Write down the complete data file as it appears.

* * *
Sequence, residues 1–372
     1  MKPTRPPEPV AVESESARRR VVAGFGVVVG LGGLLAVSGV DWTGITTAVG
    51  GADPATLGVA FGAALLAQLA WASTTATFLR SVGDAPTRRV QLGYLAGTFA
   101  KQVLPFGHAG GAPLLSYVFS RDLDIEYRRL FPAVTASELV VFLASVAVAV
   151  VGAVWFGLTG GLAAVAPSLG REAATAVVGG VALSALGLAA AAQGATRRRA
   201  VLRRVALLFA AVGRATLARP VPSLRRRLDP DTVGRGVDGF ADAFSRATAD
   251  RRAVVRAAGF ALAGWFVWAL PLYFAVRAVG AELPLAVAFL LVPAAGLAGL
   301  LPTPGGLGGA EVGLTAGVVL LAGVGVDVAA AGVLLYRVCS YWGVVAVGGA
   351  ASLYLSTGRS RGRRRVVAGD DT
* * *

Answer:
Sequence, residues 1–372
     1  MKPTRPPEPV AVESESARRR VVAGFGVVVG LGGLLAVSGV DWTGITTAVG
    51  GADPATLGVA FGAALLAQLA WASTTATFLR SVGDAPTRRV QLGYLAGTFA
   101  KQVLPFGHAG GAPLLSYVFS RDLDIEYRRL FPAVTASELV VFLASVAVAV
   151  VGAVWFGLTG GLAAVAPSLG REAATAVVGG VALSALGLAA AAQGATRRRA
   201  VLRRVALLFA AVGRATLARP VPSLRRRLDP DTVGRGVDGF ADAFSRATAD
   251  RRAVVRAAGF ALAGWFVWAL PLYFAVRAVG AELPLAVAFL LVPAAGLAGL
   301  LPTPGGLGGA EVGLTAGVVL LAGVGVDVAA AGVLLYRVCS YWGVVAVGGA
   351  ASLYLSTGRS RGRRRVVAGD DT